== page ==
Strategic Aim 2: To Maintain the Scope but Simplify
A recurring flaw in Mr Evans’ report is a blurring of the distinction between civil and criminal legal aid. Mr Evans states on page 37 of his report that 70% of applicants receive some form of legal aid. He then goes on to discuss Law Society of Scotland propositions regarding the scope of civil legal aid. We would welcome figures on the percentage of applicants that are successful in applying for criminal legal aid. We suspect this will be higher than 70%. We would suggest that a very straightforward way to simplify the system of Legal Aid would be to abolish contributions and return the responsibility for considering applications for Legal Aid to the court for all cases prosecuted in the Sheriff Court or above. The vast majority of people applying for legal aid in these cases are successful at present. Therefore, we are of the view that to abolish the laborious process of applying to the Scottish Legal Aid Board for funding in these cases would obviate the need for considerable bureaucracy as well as delay in court.
Mr Evans states that “contributions to legal aid play an important part in the responsible management of the system”. He does not give any explanation as to why that should be so or how he came to that conclusion. If this truly is an independent strategic review then why has that particular issue not been considered? We see no justification for contributions being appropriate in Advice and Assistance and ABWOR cases when they are not in summary or solemn criminal legal aid. Mr Evans is correct that asking solicitors to collect contributions creates a conflict of interest. At present, an applicant’s outgoings are not taken into account when considering eligibility for Advice and Assistance or ABWOR. Therefore, we often see people who would qualify for summary or solemn legal aid being ineligible for Advice and Assistance or ABWOR, or being in a position of having to pay a contribution. This is very clearly unfair. At page 26 of this report, Mr Evans likens legal aid provision to the modern welfare state. If that is so, we should not be asking recipients to contribute.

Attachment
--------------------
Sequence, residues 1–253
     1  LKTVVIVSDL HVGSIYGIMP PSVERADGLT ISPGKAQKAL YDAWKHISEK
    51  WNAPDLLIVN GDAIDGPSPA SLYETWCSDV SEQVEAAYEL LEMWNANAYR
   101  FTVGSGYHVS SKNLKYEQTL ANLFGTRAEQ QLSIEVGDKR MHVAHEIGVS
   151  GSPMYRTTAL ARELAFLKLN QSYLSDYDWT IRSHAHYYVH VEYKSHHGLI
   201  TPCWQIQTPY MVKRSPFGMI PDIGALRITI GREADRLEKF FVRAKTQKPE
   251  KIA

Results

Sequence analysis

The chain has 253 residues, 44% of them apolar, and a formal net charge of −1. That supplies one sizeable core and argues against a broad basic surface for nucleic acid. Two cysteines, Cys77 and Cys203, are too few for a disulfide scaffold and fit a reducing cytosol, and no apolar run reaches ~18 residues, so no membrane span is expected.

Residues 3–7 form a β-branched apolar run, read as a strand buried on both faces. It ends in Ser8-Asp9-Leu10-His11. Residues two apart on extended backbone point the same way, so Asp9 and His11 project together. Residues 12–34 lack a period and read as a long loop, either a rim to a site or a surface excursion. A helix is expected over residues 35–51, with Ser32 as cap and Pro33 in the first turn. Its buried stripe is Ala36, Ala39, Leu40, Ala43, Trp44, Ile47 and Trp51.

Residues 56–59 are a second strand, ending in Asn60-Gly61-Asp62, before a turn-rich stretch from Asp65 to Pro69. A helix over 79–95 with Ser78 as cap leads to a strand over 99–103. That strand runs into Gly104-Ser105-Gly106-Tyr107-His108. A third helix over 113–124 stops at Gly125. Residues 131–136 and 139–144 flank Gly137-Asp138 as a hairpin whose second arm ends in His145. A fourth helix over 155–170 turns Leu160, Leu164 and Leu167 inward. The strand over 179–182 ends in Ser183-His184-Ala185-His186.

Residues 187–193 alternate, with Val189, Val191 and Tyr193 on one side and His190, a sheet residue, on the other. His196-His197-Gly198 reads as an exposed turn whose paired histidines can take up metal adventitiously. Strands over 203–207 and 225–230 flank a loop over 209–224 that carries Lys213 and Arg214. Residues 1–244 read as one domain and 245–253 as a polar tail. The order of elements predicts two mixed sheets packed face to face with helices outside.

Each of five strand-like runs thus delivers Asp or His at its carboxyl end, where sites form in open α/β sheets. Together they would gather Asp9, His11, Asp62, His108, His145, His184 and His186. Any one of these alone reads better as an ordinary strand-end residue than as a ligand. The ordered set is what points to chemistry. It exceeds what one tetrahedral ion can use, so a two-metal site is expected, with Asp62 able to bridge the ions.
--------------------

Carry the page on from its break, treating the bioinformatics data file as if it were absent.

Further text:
We are disappointed to see that Mr Evans had quoted a focus group participant from Peterhead who thought that people get legal aid for things like speeding (page 45). This is nonsense. If Mr Evans ever tried to submit an application for Legal Aid in a speeding case he would quickly be told by the Legal Aid Board that the case is not sufficiently complex. It is unhelpful for these misconceptions to be reiterated rather than corrected.
We appreciate Mr Evans concerns about the cost of outlays. However, we would have concerns about the Scottish Legal Aid Board compiling a preferred supplier list. It is precisely because an expert is independent that a defence solicitor would instruct that person, often as a check on the work done by the expert instructed by the Crown.
SIMPLIFYING THE SYSTEM
Again, we are of the view that Mr Evans has failed to adequately investigate solutions to simplify the system. At present, the system is complex and confusing. As referred to above, contributions are payable in some cases but not others. Solicitors are required to apply for increases for deferred sentences in ABWOR cases but not in Summary and Solemn Criminal Legal Aid cases even though there is no distinction in the work done. It can prove impossible to obtain financial verification from applicants who live chaotic lifestyles. This can result in delays in Court proceedings. Cases often require to be continued in order for legal aid to be in place. All of these issues result in greater bureaucracy for the solicitor dealing with this case as well as for the Legal Aid Board to process.
Mr Evans does not discuss why means testing is appropriate. Savings could be made to the justice system as a whole by reducing bureaucracy and allowing cases to be resolved at an earlier stage if the power to grant Legal Aid reverted to the Sheriff. This could result in a very small number of people who could afford to pay for a solicitor being entitled to representation paid for by the public. However, the number of people this would apply to would be minimal compared to the savings made to the justice system as a whole. We do not see this as a controversial suggestion given that many other aspects of the welfare state, such as prescription charges, have no means testing at all.
In conclusion, we agree that the system should be simplified. However, Mr Evans has failed to fully consider how that might be done. We strongly agree that the system of eligibility, contributions and clawbacks is inconsistent and complicated. The review does not provide an adequate discussion of these problems.